Wrestler Inam reveals the psychological master plan that helped him defeat Indian rival

Updated 14 Apr 2018


Pakistan's Gold medalist Muhammad Inam poses with India's Bronze medalist Somveer — AP
Pakistan's Gold medalist Muhammad Inam poses with India's Bronze medalist Somveer — AP

Wrestler Muhammad Inam, who on Saturday became the only Pakistani athlete to bag a gold medal at the Commonwealth Games 2018, has revealed how he hatched a spontaneous psychological plan to tame Indian rival Somveer in the quarter-finals before going all the way.

In a series of videos made soon after his historic 3-0 victory over Nigeria's Bibo in the final, Inam recalled: "Somveer was already the pre-event favourite and on my way to the wrestling mat I noticed how Indian fans were outnumbering Pakistani fans. They were chanting 'India, India!' and cheering for their guy.

"This is when I changed my mindset. I told myself that all these people are not shouting 'India India' but are actually saying Inam, Inam!'"

Read: Wrestler Muhammad Inam bags first gold medal for Pakistan at Commonwealth Games

"It helped me become extra aggressive and win that fight. And once I had beaten the Indian guy I was sure that now I would not settle for anything less than gold."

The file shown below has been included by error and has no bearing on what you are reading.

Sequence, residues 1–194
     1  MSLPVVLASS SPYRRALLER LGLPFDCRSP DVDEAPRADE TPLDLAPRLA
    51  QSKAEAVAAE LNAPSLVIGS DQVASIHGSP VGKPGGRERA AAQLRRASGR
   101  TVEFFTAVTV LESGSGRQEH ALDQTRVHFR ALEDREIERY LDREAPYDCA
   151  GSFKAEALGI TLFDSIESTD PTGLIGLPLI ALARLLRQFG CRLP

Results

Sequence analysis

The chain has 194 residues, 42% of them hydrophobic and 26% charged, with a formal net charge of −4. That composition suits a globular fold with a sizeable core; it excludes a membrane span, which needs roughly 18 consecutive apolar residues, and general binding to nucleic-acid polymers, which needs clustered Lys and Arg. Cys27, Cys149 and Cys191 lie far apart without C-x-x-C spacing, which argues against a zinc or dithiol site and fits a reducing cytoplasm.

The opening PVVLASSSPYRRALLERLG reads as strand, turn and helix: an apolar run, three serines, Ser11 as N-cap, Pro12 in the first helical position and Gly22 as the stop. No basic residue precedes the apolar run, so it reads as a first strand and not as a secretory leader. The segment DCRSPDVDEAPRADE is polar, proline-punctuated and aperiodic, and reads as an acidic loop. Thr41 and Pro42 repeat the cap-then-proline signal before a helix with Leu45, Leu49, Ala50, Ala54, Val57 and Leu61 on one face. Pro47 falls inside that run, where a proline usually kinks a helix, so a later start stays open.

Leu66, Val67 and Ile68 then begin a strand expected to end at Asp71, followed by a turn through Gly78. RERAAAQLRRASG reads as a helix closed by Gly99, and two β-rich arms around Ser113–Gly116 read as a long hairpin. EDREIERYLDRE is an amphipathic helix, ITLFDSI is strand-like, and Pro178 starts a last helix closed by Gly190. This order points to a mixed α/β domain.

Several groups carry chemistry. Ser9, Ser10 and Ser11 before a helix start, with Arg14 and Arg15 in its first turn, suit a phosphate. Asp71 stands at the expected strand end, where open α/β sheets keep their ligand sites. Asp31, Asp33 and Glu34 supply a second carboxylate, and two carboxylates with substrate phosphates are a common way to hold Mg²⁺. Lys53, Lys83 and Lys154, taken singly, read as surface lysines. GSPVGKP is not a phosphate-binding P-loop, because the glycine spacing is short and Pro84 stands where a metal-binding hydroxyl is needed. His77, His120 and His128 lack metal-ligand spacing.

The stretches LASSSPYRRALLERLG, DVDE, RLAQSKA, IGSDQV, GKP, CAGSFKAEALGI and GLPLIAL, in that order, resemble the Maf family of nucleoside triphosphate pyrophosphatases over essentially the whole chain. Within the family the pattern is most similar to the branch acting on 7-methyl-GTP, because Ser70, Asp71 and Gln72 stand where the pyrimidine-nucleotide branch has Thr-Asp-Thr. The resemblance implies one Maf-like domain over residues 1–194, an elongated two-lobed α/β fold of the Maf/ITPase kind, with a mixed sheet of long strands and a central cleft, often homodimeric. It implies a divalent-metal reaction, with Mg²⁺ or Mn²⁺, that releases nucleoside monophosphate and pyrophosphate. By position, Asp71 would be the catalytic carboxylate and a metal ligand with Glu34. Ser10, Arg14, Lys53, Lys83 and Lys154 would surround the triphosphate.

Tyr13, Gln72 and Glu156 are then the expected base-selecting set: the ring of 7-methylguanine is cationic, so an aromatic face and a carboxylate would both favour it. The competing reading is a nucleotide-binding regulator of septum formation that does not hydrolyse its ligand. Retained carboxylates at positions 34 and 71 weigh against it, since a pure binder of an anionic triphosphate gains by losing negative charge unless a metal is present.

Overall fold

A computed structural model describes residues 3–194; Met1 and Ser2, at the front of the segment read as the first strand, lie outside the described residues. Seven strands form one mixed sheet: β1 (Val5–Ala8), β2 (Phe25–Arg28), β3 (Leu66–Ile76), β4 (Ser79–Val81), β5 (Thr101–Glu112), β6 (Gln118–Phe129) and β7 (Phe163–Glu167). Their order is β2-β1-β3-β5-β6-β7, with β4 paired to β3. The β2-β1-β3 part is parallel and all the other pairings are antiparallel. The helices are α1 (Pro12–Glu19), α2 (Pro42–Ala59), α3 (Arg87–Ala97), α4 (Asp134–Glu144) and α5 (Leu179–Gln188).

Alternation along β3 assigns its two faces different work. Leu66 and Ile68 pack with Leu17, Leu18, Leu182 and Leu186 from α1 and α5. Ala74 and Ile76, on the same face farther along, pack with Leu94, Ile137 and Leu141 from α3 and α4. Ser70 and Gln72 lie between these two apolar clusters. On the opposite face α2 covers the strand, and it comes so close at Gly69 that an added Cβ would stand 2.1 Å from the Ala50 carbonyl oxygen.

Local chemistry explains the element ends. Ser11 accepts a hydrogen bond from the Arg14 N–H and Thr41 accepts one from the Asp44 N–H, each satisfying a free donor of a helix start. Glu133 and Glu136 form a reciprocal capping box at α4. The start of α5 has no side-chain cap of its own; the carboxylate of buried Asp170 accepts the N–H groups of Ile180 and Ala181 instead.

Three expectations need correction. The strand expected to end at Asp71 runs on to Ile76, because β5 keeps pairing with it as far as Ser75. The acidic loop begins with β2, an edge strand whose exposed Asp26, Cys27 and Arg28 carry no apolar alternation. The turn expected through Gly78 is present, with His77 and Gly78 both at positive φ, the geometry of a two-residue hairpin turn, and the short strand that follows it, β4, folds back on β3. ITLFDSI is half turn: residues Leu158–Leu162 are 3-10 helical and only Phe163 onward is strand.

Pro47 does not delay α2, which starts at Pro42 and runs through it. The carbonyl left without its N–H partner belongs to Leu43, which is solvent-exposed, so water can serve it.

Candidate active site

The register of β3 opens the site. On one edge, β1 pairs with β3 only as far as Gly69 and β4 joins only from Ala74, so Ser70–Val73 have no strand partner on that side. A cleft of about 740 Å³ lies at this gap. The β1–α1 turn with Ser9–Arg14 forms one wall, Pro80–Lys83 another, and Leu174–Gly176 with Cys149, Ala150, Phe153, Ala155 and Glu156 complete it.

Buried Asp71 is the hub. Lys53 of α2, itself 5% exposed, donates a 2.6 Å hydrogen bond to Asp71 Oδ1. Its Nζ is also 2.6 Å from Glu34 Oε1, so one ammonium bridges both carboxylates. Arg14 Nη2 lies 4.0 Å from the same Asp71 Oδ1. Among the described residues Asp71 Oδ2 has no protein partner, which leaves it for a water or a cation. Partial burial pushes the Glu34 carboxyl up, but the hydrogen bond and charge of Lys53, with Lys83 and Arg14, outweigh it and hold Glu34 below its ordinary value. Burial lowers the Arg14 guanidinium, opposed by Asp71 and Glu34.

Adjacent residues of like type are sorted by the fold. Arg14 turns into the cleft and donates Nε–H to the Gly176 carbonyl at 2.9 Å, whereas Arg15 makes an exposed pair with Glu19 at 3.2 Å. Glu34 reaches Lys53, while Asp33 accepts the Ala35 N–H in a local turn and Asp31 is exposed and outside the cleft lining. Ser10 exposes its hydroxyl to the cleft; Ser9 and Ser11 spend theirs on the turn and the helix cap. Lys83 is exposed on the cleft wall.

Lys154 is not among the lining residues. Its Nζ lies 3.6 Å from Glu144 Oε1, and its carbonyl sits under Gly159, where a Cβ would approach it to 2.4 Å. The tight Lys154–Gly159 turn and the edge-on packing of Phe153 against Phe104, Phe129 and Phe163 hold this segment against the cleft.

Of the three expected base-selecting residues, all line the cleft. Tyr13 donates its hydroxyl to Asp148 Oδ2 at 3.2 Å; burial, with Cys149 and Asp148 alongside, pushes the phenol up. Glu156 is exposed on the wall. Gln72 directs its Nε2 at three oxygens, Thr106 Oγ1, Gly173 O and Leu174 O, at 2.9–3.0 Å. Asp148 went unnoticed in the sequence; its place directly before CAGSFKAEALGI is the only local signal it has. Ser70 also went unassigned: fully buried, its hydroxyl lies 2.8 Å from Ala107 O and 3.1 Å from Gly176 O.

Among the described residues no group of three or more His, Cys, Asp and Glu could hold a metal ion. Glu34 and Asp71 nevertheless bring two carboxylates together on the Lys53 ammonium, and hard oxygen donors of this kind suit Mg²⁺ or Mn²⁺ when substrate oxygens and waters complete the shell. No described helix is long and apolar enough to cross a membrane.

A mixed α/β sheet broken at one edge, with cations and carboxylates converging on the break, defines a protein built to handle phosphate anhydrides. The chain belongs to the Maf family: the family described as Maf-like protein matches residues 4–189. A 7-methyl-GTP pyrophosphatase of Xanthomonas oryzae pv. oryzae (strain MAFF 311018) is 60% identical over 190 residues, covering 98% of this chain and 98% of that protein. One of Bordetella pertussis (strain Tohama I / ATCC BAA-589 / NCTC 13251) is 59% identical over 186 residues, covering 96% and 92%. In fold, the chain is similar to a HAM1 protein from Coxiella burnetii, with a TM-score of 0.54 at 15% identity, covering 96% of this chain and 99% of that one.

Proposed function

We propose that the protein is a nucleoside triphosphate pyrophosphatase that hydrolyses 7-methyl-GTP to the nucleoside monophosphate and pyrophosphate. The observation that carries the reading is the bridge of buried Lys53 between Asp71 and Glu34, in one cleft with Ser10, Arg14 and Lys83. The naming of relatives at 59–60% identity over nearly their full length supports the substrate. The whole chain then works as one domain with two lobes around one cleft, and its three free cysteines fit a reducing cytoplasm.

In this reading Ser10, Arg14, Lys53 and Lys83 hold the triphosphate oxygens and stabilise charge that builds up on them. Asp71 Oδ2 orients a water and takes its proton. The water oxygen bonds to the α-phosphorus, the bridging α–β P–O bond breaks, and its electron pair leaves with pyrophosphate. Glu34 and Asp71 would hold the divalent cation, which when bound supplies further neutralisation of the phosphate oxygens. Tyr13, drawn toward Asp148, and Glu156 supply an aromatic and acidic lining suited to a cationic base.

Inam also talked about his dominating win over Bibo in the gold medal match, saying: "This guy (Bibo) is the African champions and currently world number two. But our team identified his weak areas and formulated a special plan, which I executed to perfection and won the gold medal for Pakistan."

For Inam, like any other wrestler, the ultimate target remains the Olympic Games — a dream he believes can be achieved if the government and relevant sports boards support local athletes.

"The athletes we compete against go through full four-year preparations for Olympics," said Inam. "Even the Indian athletes, when we talk to them, they tell us that as soon as an Olympic event ends they start preparing for the next one in foreign countries. An of course that four years of high-level training shows physically [and in their results]."

"The next Olympics is now two years away. I plead with the Pakistan government and the Pakistan Sports Board to please cooperate with us," he added.